Examiner Editorial: Decline in economic freedom seen worldwide 

Adam Smith, the Scottish philosopher and author of "The Wealth of Nations," is not so well-known for having said that "people of the same trade seldom meet together, even for merriment and diversion, but the conversation ends in a conspiracy against the public, or in some contrivance to raise prices."

Were he with us today, Smith might well add a corollary: Whenever politicians and bureaucrats gather for any reason, their conversation also invariably results in a "conspiracy" against taxpayers and consumers for more government regulation and taxes.

This reality is illustrated in the 2010 edition of the Index of Economic Freedom, compiled and published by The Heritage Foundation and The Wall Street Journal. This is the 16th year Heritage and the Journal have jointly produced the Index.

The most distressing news from the latest edition is the fact that the U.S. fell from its perennial rank as one of the world’s freest economies to "Mostly Free." The U.S. trails Canada, Switzerland, Ireland, New Zealand, Australia, Singapore and Hong Kong, which topped the rankings for the 16th consecutive year. Although still among the top 10, the U.S. just barely edged out Denmark (ninth) and Chile (10th).

The U.S. position likely would be even worse except for the fact that the Index ranking is based on data collected for the period between July 2008 and June 2009, thus excluding much of the heavy increases in Washington, D.C.’s bailout spending and regulation in response to the economic meltdown of September 2008 and the recession that -followed.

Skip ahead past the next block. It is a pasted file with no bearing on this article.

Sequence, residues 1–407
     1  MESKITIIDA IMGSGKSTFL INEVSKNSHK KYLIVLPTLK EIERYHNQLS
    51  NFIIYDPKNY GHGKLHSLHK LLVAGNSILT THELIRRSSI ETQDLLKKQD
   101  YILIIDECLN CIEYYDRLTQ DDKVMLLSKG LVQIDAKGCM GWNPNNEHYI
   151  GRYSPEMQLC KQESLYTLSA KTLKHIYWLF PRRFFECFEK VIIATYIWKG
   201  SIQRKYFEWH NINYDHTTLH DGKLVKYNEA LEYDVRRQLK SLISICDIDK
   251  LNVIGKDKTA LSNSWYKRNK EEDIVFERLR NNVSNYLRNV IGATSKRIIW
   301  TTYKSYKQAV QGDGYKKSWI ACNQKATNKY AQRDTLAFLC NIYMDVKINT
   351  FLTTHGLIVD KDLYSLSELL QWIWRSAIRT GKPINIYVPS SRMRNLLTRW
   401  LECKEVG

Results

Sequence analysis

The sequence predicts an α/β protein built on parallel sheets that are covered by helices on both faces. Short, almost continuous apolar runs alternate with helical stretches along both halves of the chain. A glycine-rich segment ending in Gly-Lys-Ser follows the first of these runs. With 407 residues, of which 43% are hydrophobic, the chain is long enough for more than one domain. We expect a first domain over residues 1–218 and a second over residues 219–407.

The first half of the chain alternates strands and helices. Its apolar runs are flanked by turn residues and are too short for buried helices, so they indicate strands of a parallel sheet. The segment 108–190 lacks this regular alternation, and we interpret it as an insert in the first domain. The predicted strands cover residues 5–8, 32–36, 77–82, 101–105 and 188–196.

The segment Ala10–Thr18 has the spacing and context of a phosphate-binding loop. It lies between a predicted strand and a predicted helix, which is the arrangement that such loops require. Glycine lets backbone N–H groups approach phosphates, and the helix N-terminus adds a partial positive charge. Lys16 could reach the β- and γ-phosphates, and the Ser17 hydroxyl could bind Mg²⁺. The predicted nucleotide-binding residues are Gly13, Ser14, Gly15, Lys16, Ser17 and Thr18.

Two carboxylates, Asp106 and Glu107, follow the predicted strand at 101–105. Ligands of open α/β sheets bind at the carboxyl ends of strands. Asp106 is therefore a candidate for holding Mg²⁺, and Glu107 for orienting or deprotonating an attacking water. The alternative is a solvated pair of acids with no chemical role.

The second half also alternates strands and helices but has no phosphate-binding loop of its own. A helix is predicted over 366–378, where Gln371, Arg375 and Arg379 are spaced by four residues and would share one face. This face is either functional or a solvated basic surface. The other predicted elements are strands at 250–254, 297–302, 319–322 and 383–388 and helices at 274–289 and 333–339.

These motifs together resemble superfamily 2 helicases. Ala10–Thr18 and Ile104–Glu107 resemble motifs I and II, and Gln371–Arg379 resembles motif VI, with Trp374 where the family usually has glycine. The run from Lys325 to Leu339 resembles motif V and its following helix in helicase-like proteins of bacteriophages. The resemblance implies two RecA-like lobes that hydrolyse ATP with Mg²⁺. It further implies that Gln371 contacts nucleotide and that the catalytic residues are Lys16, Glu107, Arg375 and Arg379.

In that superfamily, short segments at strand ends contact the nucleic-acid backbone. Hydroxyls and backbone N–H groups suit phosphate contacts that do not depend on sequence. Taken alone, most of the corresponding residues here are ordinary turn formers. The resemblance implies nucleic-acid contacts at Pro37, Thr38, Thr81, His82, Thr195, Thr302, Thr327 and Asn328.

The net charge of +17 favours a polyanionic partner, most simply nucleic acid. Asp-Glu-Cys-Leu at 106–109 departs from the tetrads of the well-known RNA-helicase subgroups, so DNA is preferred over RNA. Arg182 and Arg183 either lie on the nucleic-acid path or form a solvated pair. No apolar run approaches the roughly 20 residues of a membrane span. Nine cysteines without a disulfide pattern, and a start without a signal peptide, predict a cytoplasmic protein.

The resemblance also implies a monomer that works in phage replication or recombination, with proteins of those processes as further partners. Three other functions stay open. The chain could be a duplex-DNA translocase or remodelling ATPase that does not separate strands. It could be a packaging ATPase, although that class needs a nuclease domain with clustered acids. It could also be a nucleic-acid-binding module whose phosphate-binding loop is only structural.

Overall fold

Second, the U.S. was not alone in its flawed approach to the economic crisis. "Regrettably, attacks on the free market, fueled by the economic slowdown and the political appeal of quick interventionist remedies, gained strong momentum in some countries, with far-reaching effects," the Index editors said. "Exactly half of the major economies curtailed economic freedom to some degree through various
interventionist measures."

As a result, "overall progress toward greater economic freedom has been interrupted. The average economic freedom score for 183 nations ranked by the 2010 Index is 59.4, down 0.1 point from 2009."

If this downward trend continues for any length of time, either in the U.S. or elsewhere, the negative results will be widespread around the globe because, as the Index makes clear, "economic freedom has far-reaching positive impacts on various aspects of human development. Economic freedom correlates with poverty reduction, a variety of desirable social indicators, democratic governance and environmental sustainability."

About The Author

Staff Report

Staff Report

Bio:
A daily newspaper covering San Francisco, San Mateo County and serving Alameda, Marin and Santa Clara counties.
Pin It
Favorite

Speaking of Opinion

More by Staff Report

Latest in Editorials

© 2018 The San Francisco Examiner

Website powered by Foundation